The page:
Joe Bozeman’s (North Cobb High School class of 1962) family has been part
He compared the Kennesaw of his boyhood to Mayberry, the beloved fictional town depicted on The Andy Griffith Show.
“Everybody knew each other. There were about 500 people there and about three quarters of them were related to me. I couldn’t get into mischief without it getting home to my parents,” he said.
Betsy Brown (North Cobb class of 1965) echoed that sentiment about Acworth.
“Everybody knew everybody else, and I think it gave me an opportunity to know so many of the characters around Acworth. There were captains of industry that came here to build towns, but there were just a lot of people that were memorable,” she said.
One of those characters was MaryHelyn Hagin’s (Sprayberry High School class of 1958), grandfather, whose habit of running a particular stop sign raised complaints from family only for him to respond,”Why? I’ve been here longer than it has.”
Panelists reminisced about days playing Kick the Can, Spin the Bottle, catching lightning bugs and football rivalries.
Hagin told the audience that Sprayberry High School had just gotten a football team when she graduated and they lost to Marietta High School 70 to nothing.
“It tore me up because back then that was the big thing. And Marietta hated Sprayberry because we were kind of on the verge of being in Marietta, and some of the Mariettans had to come into Sprayberry,” Hagin said. “Sprayberry finally beat them. It was years later. But it was wonderful. That was our recreation in high school.”
Lake Acworth was a vital part of the summer break, according to Mack Turner (North Cobb class of 1964), who said some teens would sneak beer to the beach and watch bands perform.
“We didn’t like it when the Marietta people came because it was our beach!” joked a man in the audience.
“Back in the ‘60s it was just a cool place to be,” Turner said.
Lynne Browne, the moderator, asked the panel about their early driving experiences, which led to some very humorous tales.
Rick Kienel (North Cobb class of 1969) reminisced about his first driving experience that occurred while he was parked in front of a hardware store and he put the car through the wall of a warehouse.
“I was two years old and my father left the car in gear to run in…so I got down on the floor and my brother was in the back seat,” Kienel said.
Hagin didn’t have her own car as a teen but she did share an amusing anecdote about how she and a group of teens went in together to buy a hearse for about $5 per person.
“It was the ugliest thing you’d ever seen…We’d just drive up and down Summer Street to get to the cemetery and back around,” she said laughing.
Brown recalled having a crush on a boy who got a Cushman scooter. She relished riding around town with him, running errands. That is, until she discovered they were delivering moonshine.
Hagin said a few years later she attempted to buy her first car on her own, but with disheartening results. She knew exactly the blue Lincoln Continental she wanted and had saved the money. After two visits to try and purchase her dream car, it was clear no one on the lot believed she was truly in a position to buy. She went elsewhere and drove home in a brown Datsun.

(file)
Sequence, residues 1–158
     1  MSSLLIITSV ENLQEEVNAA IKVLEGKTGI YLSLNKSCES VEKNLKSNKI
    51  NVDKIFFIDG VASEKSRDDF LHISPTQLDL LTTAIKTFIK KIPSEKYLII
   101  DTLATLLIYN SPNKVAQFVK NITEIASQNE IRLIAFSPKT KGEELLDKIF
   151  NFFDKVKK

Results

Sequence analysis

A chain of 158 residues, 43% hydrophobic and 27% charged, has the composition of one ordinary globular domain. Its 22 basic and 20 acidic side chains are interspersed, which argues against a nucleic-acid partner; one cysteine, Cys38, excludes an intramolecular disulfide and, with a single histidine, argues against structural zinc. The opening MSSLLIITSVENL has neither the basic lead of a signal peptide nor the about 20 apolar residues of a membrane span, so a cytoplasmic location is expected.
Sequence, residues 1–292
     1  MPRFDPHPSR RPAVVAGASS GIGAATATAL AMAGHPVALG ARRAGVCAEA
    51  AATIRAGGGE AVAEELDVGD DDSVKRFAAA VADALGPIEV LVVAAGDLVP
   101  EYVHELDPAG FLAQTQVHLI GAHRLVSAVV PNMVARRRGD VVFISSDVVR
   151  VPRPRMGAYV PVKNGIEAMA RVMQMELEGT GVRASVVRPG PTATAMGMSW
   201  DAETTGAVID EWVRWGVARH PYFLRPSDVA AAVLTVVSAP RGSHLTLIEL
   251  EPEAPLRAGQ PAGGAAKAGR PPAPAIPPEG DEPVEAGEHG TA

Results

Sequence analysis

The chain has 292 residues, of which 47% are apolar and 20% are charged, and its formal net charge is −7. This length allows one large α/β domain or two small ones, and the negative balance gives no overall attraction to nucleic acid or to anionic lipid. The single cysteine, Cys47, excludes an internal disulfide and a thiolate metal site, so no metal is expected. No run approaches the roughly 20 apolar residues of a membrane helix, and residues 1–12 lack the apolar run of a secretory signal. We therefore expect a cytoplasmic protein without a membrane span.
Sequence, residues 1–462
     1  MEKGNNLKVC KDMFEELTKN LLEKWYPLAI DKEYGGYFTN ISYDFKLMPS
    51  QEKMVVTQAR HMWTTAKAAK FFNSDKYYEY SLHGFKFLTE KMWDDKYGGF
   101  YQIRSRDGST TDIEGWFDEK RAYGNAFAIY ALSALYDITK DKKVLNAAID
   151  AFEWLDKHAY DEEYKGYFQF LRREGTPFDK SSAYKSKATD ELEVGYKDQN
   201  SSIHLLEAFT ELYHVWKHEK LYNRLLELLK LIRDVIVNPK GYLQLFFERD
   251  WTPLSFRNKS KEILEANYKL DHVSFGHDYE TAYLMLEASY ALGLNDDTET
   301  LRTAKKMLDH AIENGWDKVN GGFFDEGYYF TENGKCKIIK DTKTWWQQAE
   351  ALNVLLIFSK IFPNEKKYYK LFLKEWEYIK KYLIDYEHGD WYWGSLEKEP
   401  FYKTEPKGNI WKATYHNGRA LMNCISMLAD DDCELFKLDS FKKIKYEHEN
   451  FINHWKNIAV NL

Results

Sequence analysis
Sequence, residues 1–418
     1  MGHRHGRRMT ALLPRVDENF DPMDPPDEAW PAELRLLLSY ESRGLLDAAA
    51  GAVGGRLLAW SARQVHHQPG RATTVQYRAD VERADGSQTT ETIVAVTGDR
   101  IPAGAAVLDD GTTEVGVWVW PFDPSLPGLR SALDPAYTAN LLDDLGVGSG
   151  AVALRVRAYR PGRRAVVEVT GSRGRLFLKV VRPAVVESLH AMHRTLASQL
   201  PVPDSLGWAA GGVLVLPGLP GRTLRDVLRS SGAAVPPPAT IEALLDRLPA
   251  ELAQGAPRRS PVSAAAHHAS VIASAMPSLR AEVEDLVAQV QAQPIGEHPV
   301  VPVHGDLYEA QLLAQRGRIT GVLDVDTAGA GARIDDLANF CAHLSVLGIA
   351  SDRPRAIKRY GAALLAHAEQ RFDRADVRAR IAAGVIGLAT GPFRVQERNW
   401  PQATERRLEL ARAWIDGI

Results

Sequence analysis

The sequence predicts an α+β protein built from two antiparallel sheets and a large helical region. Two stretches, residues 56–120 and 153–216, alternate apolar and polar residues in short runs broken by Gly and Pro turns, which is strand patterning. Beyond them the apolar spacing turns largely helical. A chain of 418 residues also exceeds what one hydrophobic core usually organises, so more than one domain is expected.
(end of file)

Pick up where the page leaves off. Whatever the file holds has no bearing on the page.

“It was crazy the things that women could not do,” she said.
The panel became more sober as they recounted the Vietnam War era.
Hagin was a teacher at Campbell High School and two of her students were killed in action. She later found their names on the Vietnam Veterans Memorial in Washington D.C. and took pictures for the mothers who never got to go.
Bozeman said he felt great guilt as he’d attended military school at the University of North Georgia and was preparing to serve when he was sidelined by a broken arm that required four pins and didn’t heal properly.
He still regularly visits the grave of Tim O’Keefe, a Kennesaw friend who was killed in action.
To the question of what about their communities made them most proud, Turner was thankful for the generosity. He was part of a group that spearheaded the creation of a replica structure of the train depot that was once the heart of the town. As a kid in the 1950s, he worked there manning the phones for a taxi company. The original building couldn’t be saved, but the new one will house a variety of historical items.
“People had their checkbooks out and donated unbelievable amounts of money,” he said.
The next event in the series will take place Aug. 13 at 7 p.m. at the Historic Depot in downtown Kennesaw. Trevor Beemon of Cobb Landmarks will discuss the restoration and operation of the 1840s Root House Museum and Garden.
Rebecca Gaunt earned a degree in journalism from the University of Georgia and a master’s degree in education from Oglethorpe University. After teaching elementary school for several years, she returned to writing. She lives in Marietta with her husband, son, two cats, and a dog. In her spare time, she loves to read, binge Netflix and travel.